Sunless Farming Touted as Answer to World Food Problems


The DIY version of growing plants with artificial light. Photo by nickjohnson via Flickr CC

What happens when we change the climate so much, from temperatures to rainfall patterns, that crops can no longer be easily grown? For some, the solution seems to be to move crops indoors, take away all natural sunlight and regulate the climate within massive grow houses. By removing Nature from the equation, advocates say food production would be far more consistent, with 1,075 square feet providing food for 140,000. Could this really be the future of farming? CBS news reports that Dutch bioengineers, including Gertjan Meeuws of PlatLab, are taking the idea of greenhouses to the next level. Their idea of growhouses would exclude all natural input and be entirely controlled from the inside, including artificial lighting, a perfectly regulated climate for that crop, and precise watering.

"In their research station, strawberries, yellow peppers, basil and banana plants take on an eerie pink glow under red and blue bulbs of Light-Emitting Diodes, or LEDs. Water trickles into the pans when needed and all excess is recycled, and the temperature is kept constant. Lights go on and off, simulating day and night, but according to the rhythm of the plant -- which may be better at shorter cycles than 24 hours -- rather than the rotation of the Earth."

The idea is to figure out how to grow crops in these regulated indoor places so that anyone can grow crops anywhere -- from buildings placed next to supermarkets and malls, to high-rises with a spare floor to rent, and so on. The researchers believe that any space of 1,075 square feet set up with the right equipment and layers of plants could provide a fresh diet of produce to 140,000 people.

The idea of a small warehouse sporting ultra-efficient water use, zero pesticides, and energy-efficient LED bulbs (possibly powered by solar or wind), placed right next to markets and feeding a city is appealing, but exactly how practical? The question is will these plants that rely on human inputs be nearly as nutritious as plants grown with natural inputs? The researchers state that plants need only certain wavelengths to grow, which is why LEDs would work just as well, or better, than sunlight. But do we honestly know enough about the synergy of plants and ecosystems -- and our bodies -- to be able to raise crops that nourish us?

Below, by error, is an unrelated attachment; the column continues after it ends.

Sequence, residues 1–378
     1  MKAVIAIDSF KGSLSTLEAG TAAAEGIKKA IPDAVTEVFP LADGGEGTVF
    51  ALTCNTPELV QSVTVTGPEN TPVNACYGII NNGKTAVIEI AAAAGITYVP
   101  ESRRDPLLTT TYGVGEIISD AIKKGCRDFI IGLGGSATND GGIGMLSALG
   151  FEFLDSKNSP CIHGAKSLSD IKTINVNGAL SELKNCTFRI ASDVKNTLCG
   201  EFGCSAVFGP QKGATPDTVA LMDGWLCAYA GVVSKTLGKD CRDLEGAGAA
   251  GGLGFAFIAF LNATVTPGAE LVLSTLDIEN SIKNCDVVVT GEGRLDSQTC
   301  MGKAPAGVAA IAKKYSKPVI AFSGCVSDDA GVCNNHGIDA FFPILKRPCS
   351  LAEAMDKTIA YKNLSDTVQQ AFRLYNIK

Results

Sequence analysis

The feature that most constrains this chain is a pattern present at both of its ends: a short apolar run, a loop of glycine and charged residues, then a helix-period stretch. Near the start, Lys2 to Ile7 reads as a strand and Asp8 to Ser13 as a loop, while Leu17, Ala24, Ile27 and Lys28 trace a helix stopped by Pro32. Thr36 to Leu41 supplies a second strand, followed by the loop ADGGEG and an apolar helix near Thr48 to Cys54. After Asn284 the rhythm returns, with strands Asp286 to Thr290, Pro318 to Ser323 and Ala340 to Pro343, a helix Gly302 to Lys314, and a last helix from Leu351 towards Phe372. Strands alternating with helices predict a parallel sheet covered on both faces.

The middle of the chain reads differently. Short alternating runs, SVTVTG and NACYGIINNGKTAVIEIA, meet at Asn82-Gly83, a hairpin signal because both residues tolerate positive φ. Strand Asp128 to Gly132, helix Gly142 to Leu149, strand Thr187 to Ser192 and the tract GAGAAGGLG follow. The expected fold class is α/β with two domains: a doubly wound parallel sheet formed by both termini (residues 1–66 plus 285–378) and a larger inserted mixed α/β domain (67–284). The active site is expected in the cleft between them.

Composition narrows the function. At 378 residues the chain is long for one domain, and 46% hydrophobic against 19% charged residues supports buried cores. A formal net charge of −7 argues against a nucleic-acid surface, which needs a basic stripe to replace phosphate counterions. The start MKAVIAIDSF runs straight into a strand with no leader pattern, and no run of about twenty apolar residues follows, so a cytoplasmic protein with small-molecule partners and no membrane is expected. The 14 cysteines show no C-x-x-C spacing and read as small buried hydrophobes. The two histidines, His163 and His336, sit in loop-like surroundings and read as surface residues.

"Olaf van Kooten, a professor of horticulture at Wageningen University who has observed the project but has no stake in it, says 2.2 pounds of tomatoes grown in Israeli fields needs 16 gallons of water, while those grown in a Dutch greenhouse require one-quarter of that. 'With this system it is possible in principle to produce a kilo of tomatoes with a little over one liter of water,' he said. 'This system is a first clear step that has to grow.'"

It sounds fairly amazing, and makes the crazy-cool vertical farming concepts we see so often look almost normal in comparison. But there are still a number of questions to ask, and food consumption habits to question (such as incredible levels of food waste in developed countries; buying in-season, local food; and promoting small urban gardens) before something like this seems like a genuine solution.

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Tags: Electricity | Energy Efficiency | Food Safety

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